The concerns with the COVID-19 pandemic are causing more and more residents in Turkey’s largest city Istanbul to move to the city’s remote seaside districts along the shores of the Black Sea and the Marmara Sea.
Sile, a small fishing town some 70 km from Istanbul, has become one of the most popular escape zones for Istanbulites thanks to its low number of coronavirus cases.
Havva Ersoy, a retired woman in her 60s, has recently moved along with her husband to Sile permanently from the crowded Besiktas district in Istanbul for fear of the pandemic there.
“The pandemic forced us to take this drastic measure, and last month we decided to quit the city center for good as we feel safer in this coastal town,” Ersoy told Xinhua.
An ancient village, Sile is popular for its historic castle, a 150-year- old lighthouse, sandy beaches, and seaside cafes and restaurants. It is also home to a special type of fabric known as the Sile gauze, which is 100-percent cotton.
Ersoy noted that a state-run mobile application, which tracks the density of COVID-19 cases across the country, usually displays Sile as a low-risk area.
“At least we know that we are not in a very high-risk location as it is the case in most parts of Istanbul,” she said, adding her family owns a house in the seaside town.
But not everyone was as lucky as them. The rents in Sile skyrocketed in autumn, and it is now almost impossible to find a vacant house for sale, according to the Ersoy family.
“When the summer was over, people realized that the pandemic was continuing and even getting worse, especially in Istanbul,” said Ali Ersoy , Havva’s husband.
“Therefore, those who have summer houses here did not go back to the city, while others started to rent or buy one,” he added.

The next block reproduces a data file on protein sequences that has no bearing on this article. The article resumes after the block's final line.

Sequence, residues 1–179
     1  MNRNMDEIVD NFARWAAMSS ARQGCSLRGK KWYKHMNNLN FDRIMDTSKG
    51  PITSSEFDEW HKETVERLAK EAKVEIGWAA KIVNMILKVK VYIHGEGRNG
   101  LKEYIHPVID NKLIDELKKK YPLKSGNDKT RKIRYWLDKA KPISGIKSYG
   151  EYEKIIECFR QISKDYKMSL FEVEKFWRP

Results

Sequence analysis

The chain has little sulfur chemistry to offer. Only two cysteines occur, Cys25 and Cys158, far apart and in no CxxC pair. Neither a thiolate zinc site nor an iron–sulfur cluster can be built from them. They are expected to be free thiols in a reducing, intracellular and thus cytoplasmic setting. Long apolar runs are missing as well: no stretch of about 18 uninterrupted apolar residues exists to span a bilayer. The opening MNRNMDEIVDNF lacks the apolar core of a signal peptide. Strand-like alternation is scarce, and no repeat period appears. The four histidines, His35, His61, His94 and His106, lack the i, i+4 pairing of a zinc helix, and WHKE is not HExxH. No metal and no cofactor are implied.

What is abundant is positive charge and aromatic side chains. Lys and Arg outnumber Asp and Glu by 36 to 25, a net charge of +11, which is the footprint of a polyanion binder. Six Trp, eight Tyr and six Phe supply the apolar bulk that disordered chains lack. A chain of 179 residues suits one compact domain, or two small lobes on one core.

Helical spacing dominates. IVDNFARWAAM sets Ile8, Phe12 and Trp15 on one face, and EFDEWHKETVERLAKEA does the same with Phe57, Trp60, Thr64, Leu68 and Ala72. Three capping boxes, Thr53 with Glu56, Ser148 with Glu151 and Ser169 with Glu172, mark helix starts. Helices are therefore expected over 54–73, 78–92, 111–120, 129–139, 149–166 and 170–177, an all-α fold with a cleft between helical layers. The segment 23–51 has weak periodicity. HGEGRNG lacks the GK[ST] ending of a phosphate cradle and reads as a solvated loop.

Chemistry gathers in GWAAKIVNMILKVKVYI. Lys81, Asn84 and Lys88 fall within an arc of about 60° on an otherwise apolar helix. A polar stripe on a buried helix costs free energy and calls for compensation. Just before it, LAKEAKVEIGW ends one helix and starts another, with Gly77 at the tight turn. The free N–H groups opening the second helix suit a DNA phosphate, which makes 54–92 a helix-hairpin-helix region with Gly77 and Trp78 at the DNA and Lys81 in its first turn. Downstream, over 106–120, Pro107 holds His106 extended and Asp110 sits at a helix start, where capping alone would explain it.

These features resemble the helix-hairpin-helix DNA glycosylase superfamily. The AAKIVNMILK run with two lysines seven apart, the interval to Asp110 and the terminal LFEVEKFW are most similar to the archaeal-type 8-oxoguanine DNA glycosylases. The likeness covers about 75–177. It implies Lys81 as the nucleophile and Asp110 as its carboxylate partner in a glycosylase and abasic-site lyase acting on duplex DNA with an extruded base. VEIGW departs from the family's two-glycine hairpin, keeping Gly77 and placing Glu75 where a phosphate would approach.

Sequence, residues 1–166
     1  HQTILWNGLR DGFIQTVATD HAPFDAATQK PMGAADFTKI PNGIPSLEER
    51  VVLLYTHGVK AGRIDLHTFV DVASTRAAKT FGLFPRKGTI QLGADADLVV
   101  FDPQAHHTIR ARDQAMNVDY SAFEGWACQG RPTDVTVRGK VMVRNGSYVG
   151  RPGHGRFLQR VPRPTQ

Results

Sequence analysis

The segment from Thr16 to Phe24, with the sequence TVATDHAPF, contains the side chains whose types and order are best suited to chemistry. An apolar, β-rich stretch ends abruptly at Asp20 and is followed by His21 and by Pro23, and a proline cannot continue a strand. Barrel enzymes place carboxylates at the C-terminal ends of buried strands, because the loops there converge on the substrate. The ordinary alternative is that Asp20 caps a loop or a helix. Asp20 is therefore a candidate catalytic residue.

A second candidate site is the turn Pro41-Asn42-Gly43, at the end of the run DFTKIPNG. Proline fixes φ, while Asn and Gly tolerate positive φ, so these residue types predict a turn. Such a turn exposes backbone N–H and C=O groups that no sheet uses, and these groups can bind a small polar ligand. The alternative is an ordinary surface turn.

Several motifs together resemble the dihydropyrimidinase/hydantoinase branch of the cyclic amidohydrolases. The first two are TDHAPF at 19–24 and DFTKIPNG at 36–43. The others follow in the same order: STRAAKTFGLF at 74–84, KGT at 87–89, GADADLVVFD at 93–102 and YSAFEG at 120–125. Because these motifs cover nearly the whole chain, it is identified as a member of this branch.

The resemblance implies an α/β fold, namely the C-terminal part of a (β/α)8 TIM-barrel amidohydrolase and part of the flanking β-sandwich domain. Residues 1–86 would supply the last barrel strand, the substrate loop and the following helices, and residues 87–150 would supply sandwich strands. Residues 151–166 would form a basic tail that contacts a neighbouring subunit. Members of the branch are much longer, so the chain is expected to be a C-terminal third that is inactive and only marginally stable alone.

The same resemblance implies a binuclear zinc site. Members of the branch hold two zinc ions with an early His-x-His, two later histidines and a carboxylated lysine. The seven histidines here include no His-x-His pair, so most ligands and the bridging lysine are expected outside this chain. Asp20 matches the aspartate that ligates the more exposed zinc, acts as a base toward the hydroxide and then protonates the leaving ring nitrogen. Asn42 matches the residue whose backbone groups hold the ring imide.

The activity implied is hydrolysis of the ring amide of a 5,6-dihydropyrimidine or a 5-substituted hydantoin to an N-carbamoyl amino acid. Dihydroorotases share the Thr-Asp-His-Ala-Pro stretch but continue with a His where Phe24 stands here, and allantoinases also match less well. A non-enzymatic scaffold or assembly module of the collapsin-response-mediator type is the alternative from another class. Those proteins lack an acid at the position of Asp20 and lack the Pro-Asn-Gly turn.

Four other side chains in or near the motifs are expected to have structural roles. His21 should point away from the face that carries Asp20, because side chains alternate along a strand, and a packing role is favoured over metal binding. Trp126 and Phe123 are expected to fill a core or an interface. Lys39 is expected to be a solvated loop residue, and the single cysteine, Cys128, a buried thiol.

A recent article published on emlakgundemi.com.tr, an online real estate news platform, said Turkish people have started to adopt different life styles under the pandemic, and Istanbul is one of the provinces that keep up with this change.
It said the demand for houses with gardens, terraces, and balconies near beaches is significantly high among Istanbul residents, and many people have been seeking to rent or buy a house in residential areas far from the city center.
Emel Akbas Idikut, founder of Projekspert Real Estate, pointed out that the sale prices of villas and apartments increased by at least 20 percent in the last three months in the resort towns of Istanbul, including Sile.
The for-sale price can go up to 10 million Turkish liras, or 1.3 million U.S. dollars, for a luxury villa in Sile, according to real estate agencies.
Suleyman Mutlu, owner of a restaurant in downtown Sile, told Xinhua that the town remained crowded even after the summer months and there is almost no place left for rent or sale.
“I used to close my restaurant when winter arrives. But this year, despite the pandemic, my delivery services continue uninterrupted,” he said.